May 12, 2014

Eliminating Self-Sabotage

What could you achieve if you finally got out of your own way?

Eliminating Self Sabotage

Most people are totally unaware that they are sometimes controlled by internal mechanisms that are designed to protect, but that actually function to sabotage certain goals in their lives. The fact is, all of us possess self-destructive elements that can manifest at any time and in a variety of ways. This not-so-silent enemy within usually remains in stealth mode despite its repeated pattern of interference with our own self-declared desires.

Psychologists define self-destructive patterns this way:

Behavior is said to be self-sabotaging when it creates problems and interferes with long-standing goals. The most common self-sabotaging behaviors are procrastination, self-medication with drugs or alcohol, comfort eating in the face of weight concerns, and self-injury such as cutting. These acts may seem helpful in the moment, but ultimately undermine us, especially when we engage in them repeatedly. (Staff 2014)

Why would we all have these click-whir internal self-destructive mechanisms that betray our best intentions? Technically, most of them arise as a result of a defense strategy. They can be as simple as something we do in order to avoid rejection that is the result of a embarrassing childhood episode. For example, take the fellow who simply couldn’t laugh, we’ll call him John. Indeed, John was unable to even fully smile. His wife and friends thought of him as stoic and that was fine with John until he discovered that he was often not invited to events because of his lack of humor. When he made inquiries regarding this, he discovered that others found him to be a bore who could wilt the humor in any party. This saddened John, so he set about discovering why he behaved this way. What John learned was that a childhood event led to his inability to relax and laugh. He actually found many things humorous but he withheld his expression of the same because when he was young other children had mocked for the way he laughed and for his “twisted” smile.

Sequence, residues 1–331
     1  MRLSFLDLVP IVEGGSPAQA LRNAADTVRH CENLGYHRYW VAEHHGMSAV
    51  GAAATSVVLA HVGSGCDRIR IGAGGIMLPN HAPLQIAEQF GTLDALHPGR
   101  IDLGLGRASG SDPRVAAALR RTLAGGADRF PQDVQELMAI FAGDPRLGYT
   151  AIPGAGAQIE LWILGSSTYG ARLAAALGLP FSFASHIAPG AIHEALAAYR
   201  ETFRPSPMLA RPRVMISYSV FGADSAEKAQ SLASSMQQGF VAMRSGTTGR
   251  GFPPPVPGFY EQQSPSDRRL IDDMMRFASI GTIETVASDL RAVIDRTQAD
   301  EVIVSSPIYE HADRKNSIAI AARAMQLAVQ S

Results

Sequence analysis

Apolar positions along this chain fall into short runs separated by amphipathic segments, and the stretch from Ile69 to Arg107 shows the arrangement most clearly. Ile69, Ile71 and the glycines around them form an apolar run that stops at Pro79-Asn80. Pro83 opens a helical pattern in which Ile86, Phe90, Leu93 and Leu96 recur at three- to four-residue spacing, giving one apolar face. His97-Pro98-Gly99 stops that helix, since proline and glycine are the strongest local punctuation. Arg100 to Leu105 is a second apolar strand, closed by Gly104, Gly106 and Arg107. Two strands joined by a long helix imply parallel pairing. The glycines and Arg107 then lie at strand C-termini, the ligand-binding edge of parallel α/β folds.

Now John did not consciously say to himself something like, build a defense mechanism that prevents me from being ridiculed in the future because of my laugh, albeit, that’s exactly what his ego managed for him. It is, after all, the job of a healthy ego to protect us. So John’s automatic mechanism, with click-whir precision, simply arrested his expression of humor to protect him from ridicule. And this unconscious automatic mechanism remained in place until John made his uncovering and set about to consciously change this behavior.

Okay, this is a simple example of how a mechanism can work to destroy our lives, but there are also some very compound and complicated mechanisms that can arise for many reasons including compensation. It is our nature, as the herd animals that we are, to seek acceptance and avoid rejection. It is also our nature to compete for attention or in the alternative, to adopt low to non-competitive strategies as a pattern of avoidance. For some, both of these patterns can actually be operational and activated at different times under differing circumstances.

The bottom line is this, we all have self-sabotaging mechanisms of some sort that raise their ugly heads from time to time, and that is why certain goals can remain unattainable despite our every best effort.

Eliminating self-sabotage then becomes a primary step in getting our own houses in order. In at least one sense, ending self-destructive patterns is the weeding out of ideas and behavior that prevents us from achieving all that we are otherwise capable of enjoying. As such, the path to success requires the elimination of self-destructive behavior patterns.

The objective of ending self-sabotage begins then by recognizing that we all possess this potential. Pursuing its possibilities we begin to recognize patterns of behavior that have common antecedents. Diligently attending to your thoughts often reveals inner beliefs, bias and the like that you really do not wish to continue to own. Strengthening your resolve for deliberation you gain more control over self-regulation. Each time you are successful at halting an automatic mechanism, you begin to break the pattern and thereby end the habit.

I encourage you to become mindful of your thoughts. By observing your thoughts and behavior patterns, you can uncover self-limiting and self-defeating strategies, boost your self-regulation practices, and consequently eliminate those click-whir habits.

Enjoy the journey and always remember, believing in yourself matters!

Thanks for the read,

Eldon Taylor

Eldon Taylor

Eldon Taylor
Provocative Enlightenment
NY Time Bestselling Author of Choices and Illusions


Staff (2014). “Self-Sabotage.” from